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Suspect in fatal Xanax shooting
arrested in California
The Associated Press
March 13, 2002
Craving the "intense high" of Xanax may have been a motive for murder: A man openly shot in a Portland, Oregon, USA downtown street on March 11, 2002 claimed - as he died - that he knew the murderer, and that Xanax addiction was the motive. The alleged murderer was arrested the next day, the Associated Press reports below:
PORTLAND, Ore. (AP) - A man wanted in the shooting death of a fellow methadone patient on a downtown street was in jail Wednesday in Northern California after crashing his car on U.S. Highway 101, authorities said.
Robert E. Heinz, 34, of Beaverton, pointed a pistol to his head and threatened to kill himself after Humboldt County sheriff's deputies found him hiding in the bushes alongside the coastal highway Tuesday evening, said sheriff's Sgt. Michael Thomas.
The deputies were called to the crash scene north of McKinleyville, Calif., after motorists reported an erratic driver speeding in the northbound lanes, said Thomas.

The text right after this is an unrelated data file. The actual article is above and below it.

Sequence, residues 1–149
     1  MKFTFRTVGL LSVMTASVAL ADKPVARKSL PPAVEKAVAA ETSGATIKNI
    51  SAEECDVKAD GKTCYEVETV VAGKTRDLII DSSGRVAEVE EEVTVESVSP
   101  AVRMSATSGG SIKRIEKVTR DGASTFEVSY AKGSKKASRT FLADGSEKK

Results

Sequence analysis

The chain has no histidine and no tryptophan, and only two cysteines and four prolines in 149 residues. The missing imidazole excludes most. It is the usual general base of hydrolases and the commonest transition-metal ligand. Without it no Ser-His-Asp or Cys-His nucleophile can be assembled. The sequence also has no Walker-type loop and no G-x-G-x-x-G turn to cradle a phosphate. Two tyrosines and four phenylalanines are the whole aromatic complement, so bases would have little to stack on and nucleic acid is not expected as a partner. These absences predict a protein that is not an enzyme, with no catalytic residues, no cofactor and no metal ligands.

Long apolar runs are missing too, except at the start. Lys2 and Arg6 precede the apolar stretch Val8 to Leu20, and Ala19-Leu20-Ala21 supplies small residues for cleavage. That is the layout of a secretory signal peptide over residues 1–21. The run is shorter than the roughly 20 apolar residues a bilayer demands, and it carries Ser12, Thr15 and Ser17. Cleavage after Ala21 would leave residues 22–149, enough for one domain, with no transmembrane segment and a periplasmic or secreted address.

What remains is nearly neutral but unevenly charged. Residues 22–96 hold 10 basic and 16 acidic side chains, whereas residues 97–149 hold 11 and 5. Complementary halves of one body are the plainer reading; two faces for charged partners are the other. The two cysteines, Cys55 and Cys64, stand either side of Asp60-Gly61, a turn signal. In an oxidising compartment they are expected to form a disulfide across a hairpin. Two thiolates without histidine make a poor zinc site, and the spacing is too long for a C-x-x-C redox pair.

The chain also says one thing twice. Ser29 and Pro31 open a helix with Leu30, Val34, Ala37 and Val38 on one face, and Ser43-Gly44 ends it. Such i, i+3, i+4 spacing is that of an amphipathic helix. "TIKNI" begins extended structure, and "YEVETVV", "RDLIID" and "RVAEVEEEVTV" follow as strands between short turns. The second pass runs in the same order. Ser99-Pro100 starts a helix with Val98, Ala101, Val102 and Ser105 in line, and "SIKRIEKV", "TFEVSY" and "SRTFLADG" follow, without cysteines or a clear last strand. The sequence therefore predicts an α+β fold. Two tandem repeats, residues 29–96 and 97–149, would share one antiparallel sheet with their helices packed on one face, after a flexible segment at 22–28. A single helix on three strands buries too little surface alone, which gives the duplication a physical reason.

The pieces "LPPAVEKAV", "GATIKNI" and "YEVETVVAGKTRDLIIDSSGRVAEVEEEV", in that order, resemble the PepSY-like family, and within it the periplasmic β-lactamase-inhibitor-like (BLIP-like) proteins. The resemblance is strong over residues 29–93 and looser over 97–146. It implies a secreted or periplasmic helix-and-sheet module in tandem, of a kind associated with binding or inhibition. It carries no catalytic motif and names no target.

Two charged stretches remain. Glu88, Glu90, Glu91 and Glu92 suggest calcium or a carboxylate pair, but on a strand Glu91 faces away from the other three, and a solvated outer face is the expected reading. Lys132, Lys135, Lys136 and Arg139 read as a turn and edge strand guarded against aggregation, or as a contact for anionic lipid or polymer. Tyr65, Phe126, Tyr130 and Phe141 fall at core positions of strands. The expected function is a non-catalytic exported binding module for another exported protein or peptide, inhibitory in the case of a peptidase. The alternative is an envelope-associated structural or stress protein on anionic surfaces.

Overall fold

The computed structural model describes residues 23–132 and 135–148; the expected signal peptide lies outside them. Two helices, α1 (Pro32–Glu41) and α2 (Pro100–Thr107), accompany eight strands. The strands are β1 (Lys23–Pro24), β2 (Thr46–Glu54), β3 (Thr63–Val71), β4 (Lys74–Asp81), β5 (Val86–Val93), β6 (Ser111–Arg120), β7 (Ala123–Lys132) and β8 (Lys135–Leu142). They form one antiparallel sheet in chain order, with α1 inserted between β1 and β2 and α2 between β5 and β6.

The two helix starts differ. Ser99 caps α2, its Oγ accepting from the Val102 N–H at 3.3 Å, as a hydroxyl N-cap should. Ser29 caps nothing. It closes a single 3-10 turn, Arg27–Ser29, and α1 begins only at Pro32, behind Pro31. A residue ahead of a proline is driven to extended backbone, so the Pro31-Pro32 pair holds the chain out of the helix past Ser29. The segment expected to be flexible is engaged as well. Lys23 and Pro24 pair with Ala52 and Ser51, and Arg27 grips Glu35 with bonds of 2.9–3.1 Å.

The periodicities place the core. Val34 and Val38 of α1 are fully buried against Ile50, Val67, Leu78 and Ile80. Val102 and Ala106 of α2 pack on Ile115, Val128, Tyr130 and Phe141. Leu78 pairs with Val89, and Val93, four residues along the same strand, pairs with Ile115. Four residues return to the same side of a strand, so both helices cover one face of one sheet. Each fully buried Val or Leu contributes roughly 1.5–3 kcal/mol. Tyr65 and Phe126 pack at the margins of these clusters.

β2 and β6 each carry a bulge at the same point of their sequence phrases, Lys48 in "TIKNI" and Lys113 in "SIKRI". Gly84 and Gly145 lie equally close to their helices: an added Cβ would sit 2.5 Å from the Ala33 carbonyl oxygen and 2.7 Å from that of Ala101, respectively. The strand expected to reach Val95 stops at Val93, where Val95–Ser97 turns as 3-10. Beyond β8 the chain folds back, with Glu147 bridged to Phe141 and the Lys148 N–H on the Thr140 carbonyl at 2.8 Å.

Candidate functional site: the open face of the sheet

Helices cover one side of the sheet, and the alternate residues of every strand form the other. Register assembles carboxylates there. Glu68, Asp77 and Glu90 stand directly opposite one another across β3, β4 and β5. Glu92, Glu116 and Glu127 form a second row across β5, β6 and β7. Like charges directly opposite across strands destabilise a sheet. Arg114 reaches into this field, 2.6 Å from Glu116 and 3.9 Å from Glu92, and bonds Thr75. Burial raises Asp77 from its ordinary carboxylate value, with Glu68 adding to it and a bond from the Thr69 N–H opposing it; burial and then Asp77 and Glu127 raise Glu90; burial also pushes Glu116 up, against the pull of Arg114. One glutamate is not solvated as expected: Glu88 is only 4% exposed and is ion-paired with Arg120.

Portland police detectives headed to Eureka, Calif., to question him, Portland police spokesman Sgt. Brian Schmautz said.
A murder warrant for Heinz was issued Tuesday. It alleged that he shot Richard Ballantine at close range and casually walked away before being chased by a crowd near Pioneer Courthouse Square just before noon Monday.
Ballantine, 42, died at a hospital after telling witnesses that he knew Heinz from a methadone clinic, and he wanted Xanax, a tranquilizer used for anxiety disorders which is favored by some methadone users because it gives them an intense high.
Heinz was on parole after being released from prison on a weapons charge last year. Witnesses said he was driven away in a silver Ford Taurus after the shooting.
Portland police said they questioned the woman driving the car but did not arrest her. She was described as an acquaintance of Heinz.
Besides the weapons charge, a review of state correction records by KGW-TV showed Heinz has convictions for assault and drug violations.
Cris Crawford, who works in a building near the shooting scene, was among the first to help Ballantine as he lay wounded on Broadway, the main street running through downtown.
Crawford told a television station that Ballantine said he knew the shooter from Allied Health Services, a downtown methadone clinic.
Xanax is the same drug favored by President Bush's niece, Noelle.
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